Social distancing can pose an extraordinary challenge for classroom teachers. For educators who regularly relied on group work and activities that got students moving around the room, the prospect of teaching students six feet apart can be quite daunting. Additionally, this experience will be challenging for students as well. In this course, we’ll discuss how to continue social and emotional learning despite these challenges, and cover some tips and strategies to continue group work while keeping your students motivated, focused, and safe.
Social-emotional learning is just as important for teachers as it is for students. What can we do to ensure that our mental health and well-being is supported, right from the start of the school year? In this session, we’ll learn the importance of social-emotional learning for educators as well as strategies for handling the stress and unknown of the new school year. We will also dive into specific resources that can help to support both you and your students. Let’s work together to create a positive mindset!
As special educators, we know that schedules, sensory support, and close collaboration with parents and caregivers is crucial during home-based instruction situations. Join us as we share strategies for special education teachers to tailor instructional materials to meet each student’s needs and keep routines as consistent as possible in an alternate setting. We’ll share scheduling templates, suggestions for specialized coaching and instruction, and other digital resources to support behavioral and social needs to help keep students on task no matter the setting.
As if a transition to complete remote teaching isn’t challenging enough, as a Middle or High School educator, you are also probably worrying about your students. Your students most likely have a full understanding of what is going on and are looking for support as they adjust to this new reality, although they might not say so outright! Join us as we share some lesson ideas for social-emotional learning that you can incorporate into your remote teaching to help your students develop strong coping skills to adjust to this new reality.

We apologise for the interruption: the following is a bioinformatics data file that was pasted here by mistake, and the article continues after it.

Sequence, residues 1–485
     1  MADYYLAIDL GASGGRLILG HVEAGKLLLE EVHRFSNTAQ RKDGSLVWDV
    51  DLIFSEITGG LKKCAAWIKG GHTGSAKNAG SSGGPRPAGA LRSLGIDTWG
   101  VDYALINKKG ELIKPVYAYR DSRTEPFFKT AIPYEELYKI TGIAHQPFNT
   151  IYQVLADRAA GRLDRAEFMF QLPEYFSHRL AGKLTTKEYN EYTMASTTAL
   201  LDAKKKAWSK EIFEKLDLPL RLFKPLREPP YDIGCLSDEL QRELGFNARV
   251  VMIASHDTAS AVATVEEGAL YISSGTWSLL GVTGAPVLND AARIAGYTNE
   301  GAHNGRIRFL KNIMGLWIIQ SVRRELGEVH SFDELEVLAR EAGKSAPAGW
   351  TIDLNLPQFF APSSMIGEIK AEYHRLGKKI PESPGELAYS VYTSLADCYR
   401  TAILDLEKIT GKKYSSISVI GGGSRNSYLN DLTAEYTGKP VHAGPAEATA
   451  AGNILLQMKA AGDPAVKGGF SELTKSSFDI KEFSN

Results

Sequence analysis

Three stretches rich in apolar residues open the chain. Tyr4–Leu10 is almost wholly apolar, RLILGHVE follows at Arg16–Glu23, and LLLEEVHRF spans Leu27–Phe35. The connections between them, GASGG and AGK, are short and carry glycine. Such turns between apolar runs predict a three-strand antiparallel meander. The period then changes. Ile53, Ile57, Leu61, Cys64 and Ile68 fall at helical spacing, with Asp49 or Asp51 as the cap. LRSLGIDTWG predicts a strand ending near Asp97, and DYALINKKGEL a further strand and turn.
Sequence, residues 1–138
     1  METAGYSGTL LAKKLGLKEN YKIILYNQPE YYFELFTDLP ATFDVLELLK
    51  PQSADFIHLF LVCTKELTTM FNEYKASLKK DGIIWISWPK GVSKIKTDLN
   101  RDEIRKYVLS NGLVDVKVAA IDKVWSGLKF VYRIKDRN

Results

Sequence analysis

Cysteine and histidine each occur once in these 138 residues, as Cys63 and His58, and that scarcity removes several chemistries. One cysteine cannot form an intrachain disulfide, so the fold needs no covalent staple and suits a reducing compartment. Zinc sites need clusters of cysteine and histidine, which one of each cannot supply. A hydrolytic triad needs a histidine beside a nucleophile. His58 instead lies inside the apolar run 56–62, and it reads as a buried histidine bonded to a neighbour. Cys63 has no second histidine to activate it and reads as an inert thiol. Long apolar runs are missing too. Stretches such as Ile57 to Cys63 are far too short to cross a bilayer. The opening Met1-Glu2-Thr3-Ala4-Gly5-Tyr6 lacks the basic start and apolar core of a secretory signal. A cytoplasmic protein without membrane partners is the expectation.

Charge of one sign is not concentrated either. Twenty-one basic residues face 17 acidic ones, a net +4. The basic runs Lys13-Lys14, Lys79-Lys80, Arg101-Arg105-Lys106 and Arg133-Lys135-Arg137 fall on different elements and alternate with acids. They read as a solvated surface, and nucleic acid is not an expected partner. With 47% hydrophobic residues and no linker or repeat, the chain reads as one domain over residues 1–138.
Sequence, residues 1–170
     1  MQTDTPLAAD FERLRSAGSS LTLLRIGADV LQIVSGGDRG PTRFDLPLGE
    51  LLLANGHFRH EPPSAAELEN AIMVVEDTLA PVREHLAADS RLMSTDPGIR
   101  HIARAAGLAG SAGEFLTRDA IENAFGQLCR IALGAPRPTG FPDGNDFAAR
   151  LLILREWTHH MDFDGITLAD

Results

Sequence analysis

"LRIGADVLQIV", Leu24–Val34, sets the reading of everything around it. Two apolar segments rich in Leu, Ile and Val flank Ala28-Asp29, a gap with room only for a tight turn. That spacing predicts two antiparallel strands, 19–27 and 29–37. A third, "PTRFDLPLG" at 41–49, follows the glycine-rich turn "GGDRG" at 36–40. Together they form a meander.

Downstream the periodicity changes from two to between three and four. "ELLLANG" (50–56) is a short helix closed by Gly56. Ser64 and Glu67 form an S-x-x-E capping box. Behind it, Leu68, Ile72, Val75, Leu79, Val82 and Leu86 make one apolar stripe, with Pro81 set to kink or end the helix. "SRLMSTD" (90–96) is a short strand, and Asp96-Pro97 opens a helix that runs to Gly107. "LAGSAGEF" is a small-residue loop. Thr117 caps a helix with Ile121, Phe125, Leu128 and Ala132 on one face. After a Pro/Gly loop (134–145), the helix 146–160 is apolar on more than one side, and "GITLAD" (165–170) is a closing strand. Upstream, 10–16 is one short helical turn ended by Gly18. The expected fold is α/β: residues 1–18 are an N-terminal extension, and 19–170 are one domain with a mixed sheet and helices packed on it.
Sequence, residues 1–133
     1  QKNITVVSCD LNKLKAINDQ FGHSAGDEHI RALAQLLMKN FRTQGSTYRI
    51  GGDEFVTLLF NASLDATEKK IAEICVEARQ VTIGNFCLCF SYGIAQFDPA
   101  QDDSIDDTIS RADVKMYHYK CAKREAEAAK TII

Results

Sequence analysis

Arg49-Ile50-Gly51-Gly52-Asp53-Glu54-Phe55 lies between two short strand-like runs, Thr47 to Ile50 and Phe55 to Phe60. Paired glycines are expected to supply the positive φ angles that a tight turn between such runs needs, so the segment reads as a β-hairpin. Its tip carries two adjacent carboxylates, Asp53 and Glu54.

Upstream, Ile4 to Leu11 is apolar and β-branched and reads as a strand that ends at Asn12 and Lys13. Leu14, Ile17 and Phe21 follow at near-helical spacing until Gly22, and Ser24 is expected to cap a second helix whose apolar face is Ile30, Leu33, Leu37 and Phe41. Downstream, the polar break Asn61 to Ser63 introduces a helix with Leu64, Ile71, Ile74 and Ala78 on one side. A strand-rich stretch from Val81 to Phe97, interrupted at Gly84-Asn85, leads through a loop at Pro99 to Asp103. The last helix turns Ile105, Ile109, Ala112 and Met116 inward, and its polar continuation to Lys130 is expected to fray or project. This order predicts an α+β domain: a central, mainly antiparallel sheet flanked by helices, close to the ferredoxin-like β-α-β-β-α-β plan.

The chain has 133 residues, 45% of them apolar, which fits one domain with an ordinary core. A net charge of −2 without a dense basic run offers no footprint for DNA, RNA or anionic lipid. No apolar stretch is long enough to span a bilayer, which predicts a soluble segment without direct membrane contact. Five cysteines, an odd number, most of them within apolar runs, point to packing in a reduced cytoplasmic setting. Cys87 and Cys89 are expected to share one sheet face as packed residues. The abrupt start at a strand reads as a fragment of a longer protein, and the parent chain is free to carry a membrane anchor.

As if a transition to complete remote teaching isn’t challenging enough, as an Upper Elementary educator, you're also probably worrying about your students. There may be some disagreement as to whether students at this age understand what is going on right now, and what led to this major shift in teaching style. However, we can agree that students in this age group are looking to the adults closest to them -- parents and teachers -- for support. Join us as we share some lesson ideas for social-emotional learning (SEL) that you can incorporate into your remote teaching to help your students develop strong coping skills to adjust to this new reality.
As a primary level educator, you are most likely used to incorporating social-emotional learning (SEL) into your lessons on a daily basis, since you're aware that students at this age need social and emotional support constantly. That job just became a little more challenging now that you are tasked with fostering students’ social-emotional skills when you aren’t able to be in class together. Join us as we share some lesson ideas for social-emotional learning that you can incorporate into your remote teaching to help your students develop strong coping skills to adjust to this new reality.
Digital Online Certifications
Below are some popular Digital Teacher Certifications that are available as a series of online courses. Click on a logo to start your certification track today!